Matching laya step for step

Perfect adavus: Sivani

Perfect adavus: Sivani  


Sivani and Namrata came up with gripping performances at Bharat Kalachar’s 21st Yuva Utsav.

Perfect adavus and commendable expressions marked the recital of Sivani G., disciple of Revathi Ramachandran, at Bharat Kalachar’s 21st Yuva Utsav. The recital began with a verse from the Divya Prabhandam — ‘Pallaandu Pallaandu.’ A thalamaligai which ended in chatusram, ‘Pallaandu …’ included two sequences — Gajendra Moksham and Mahavishnu in ‘Paarkadal’ with his consort. The dancer explained these well, with jatis.

The varnam, ‘Swamiyai Azhaithu’ — a ragamalika — was a composition of Dhandayudhapani Pillai. It had ragas such as Mohanam, Bhairavi, Vasantha and Deva Manohari. Each of the four charanams was composed in a different raga. The padam, ‘Mudugarae Yashoda,’ an Annamayya kriti in Kurinji, had incidents from the life of Krishna. Sivani showed involvement while taking up the role of Yasoda who sees Krishna eating mud, and when playing the part of a gopika dancing with the Lord.

The highlight

The highlight of her dance was Shudda Nrittam, a speciality of Revathi Ramachandran, her guru. There was impeccable coordination between Sivani and the mridangist N. K. Kesavan during the piece.

Revathi Ramachandran had been both flexible and firm in bringing out the talent of her disciple. Sivani showed excellent control over her footwork and her understanding of the laya. Kesavan brought out many a solukattu on his mridangam and Sivani matched it with ease. Whether it was kandam, tisram or chatusram the footwork was clear and her whole body swayed accordingly. She answered every one of his talams with her jathis that both softened and intensified as warranted, thus drawing appreciation from the audience. The layam was so appealing that even after she finished her nritta there was thunderous applause.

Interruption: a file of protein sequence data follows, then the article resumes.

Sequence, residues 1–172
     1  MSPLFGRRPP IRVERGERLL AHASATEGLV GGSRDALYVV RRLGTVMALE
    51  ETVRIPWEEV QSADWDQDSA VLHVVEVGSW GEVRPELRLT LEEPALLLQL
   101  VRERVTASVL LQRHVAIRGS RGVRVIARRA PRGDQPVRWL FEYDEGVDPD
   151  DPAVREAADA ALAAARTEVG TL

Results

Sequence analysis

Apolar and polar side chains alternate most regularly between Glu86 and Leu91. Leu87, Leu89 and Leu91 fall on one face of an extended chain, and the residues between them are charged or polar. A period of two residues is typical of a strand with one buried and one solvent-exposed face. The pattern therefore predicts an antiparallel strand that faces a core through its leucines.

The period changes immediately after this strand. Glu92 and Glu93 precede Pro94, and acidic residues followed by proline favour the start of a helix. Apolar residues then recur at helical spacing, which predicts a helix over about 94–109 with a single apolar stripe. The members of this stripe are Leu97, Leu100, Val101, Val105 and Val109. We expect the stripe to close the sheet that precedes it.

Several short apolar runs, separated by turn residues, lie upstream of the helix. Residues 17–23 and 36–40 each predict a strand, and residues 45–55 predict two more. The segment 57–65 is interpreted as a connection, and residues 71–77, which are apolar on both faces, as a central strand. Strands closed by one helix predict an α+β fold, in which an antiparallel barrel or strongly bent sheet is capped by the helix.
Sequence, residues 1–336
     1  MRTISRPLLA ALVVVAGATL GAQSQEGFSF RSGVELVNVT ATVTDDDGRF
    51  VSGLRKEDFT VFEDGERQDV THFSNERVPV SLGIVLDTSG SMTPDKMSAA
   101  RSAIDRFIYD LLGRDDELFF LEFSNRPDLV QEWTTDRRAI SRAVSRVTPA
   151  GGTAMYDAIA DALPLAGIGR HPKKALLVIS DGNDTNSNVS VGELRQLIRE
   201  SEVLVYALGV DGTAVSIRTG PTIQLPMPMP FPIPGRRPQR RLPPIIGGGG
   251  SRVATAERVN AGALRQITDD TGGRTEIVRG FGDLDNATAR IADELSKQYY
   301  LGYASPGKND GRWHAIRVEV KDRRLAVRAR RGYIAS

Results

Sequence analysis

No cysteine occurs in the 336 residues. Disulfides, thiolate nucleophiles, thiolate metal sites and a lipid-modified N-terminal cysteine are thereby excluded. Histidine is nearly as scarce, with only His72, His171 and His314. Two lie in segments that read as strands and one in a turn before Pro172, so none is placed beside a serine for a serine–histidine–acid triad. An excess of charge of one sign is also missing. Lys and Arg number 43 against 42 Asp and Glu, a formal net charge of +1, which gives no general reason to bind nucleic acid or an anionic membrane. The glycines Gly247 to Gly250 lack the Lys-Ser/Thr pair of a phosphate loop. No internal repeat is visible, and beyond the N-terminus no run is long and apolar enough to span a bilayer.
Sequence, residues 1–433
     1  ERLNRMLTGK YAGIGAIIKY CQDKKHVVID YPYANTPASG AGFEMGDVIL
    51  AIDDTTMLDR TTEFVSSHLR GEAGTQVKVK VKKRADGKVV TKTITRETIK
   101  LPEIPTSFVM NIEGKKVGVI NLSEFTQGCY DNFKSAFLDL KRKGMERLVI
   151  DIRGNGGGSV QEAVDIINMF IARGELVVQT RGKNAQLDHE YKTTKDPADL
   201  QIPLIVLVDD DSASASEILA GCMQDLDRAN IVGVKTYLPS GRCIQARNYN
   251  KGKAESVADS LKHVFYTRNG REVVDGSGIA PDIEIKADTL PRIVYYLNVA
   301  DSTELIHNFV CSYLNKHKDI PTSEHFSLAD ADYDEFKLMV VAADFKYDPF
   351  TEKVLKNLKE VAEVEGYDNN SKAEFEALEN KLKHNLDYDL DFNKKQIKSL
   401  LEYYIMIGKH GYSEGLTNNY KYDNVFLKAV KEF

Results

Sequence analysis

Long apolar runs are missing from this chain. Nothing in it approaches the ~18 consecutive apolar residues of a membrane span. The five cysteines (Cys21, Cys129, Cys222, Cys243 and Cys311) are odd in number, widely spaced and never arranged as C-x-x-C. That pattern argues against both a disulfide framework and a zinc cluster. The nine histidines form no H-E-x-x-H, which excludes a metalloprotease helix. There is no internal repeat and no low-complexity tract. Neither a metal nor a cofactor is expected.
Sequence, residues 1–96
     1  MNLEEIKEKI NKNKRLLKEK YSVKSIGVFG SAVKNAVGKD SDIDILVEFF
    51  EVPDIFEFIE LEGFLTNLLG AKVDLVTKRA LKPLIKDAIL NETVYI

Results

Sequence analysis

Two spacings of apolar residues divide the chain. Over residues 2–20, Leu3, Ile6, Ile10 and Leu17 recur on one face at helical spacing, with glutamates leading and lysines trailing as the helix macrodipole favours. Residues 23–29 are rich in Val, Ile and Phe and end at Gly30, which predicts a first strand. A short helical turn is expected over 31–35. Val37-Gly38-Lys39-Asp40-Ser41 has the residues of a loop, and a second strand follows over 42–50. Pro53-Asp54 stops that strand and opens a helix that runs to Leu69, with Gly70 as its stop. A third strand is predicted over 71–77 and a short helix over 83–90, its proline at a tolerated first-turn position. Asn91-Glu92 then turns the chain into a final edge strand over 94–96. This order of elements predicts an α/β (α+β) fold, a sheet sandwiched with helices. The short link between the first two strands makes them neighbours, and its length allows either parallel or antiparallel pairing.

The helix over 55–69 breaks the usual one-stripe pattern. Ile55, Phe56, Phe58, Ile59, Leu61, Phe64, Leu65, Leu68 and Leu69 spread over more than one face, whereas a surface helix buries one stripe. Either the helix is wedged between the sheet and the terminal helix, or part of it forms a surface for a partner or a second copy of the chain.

“It is an ancient temple dance form that was resurrected by my guru Mangudi Durai Raja Iyer. He followed the Melattur style. This dance form is offered to the deity during the Brahmotsavam of Chengalvarayar temple, Cheyyur,” said Revathi Ramachandran. Revathi has been practising it for more than 35 years and her guru played the mridangam during her concerts.

Nattuvangam by Revathi Ramachandran was lively. Vocalist N. Sasidharan kept pace with the artist. Harmonious stringing of the veena by Bhavani Prasad added further charm to the show.

The hallmark

Namrata Vijay’s gripping performance on the evening of September 28 represented the various facets of Bharatanatyam. The invocatory piece was a ‘Gyanasabesa Stotram’ in traditional Vazhuvoor style, in Nattai. She followed this up with the varnam, ‘Swami Naan Undan Adimai Endru’ in Nattakurinji.

Her adavus were orderly and so were her teermanams which were carefully presented.

Throughout the varnam Namrata took the audience on a pleasant journey of rasa and bhava.

Her flexible body and timely execution of jatis were quite appreciable but the araimandi, which would have made them more presentable, was obviously absent. A straight-back was the hallmark of the performance.

In the padam, ‘Chaliyae’ in Brindavana Saranga, she showed the eternal love between Radha and Krishna. She began with the sringaram and effectively elaborated on the line, ‘Deeko Jamuna’.

She exhibited passion in movements depicting her reactions to the song of the cuckoo, swinging and rowing. The curtains came down with the Mohana Kalyani tillana.

Vocal support was given by Nandini Anand. Karthik maintained the tempo well on the mridangam and Sunil Kumar accompanied Namrata on the flute.

Guru Rhadha handled the nattuvangam softly but firmly throughout the performance.

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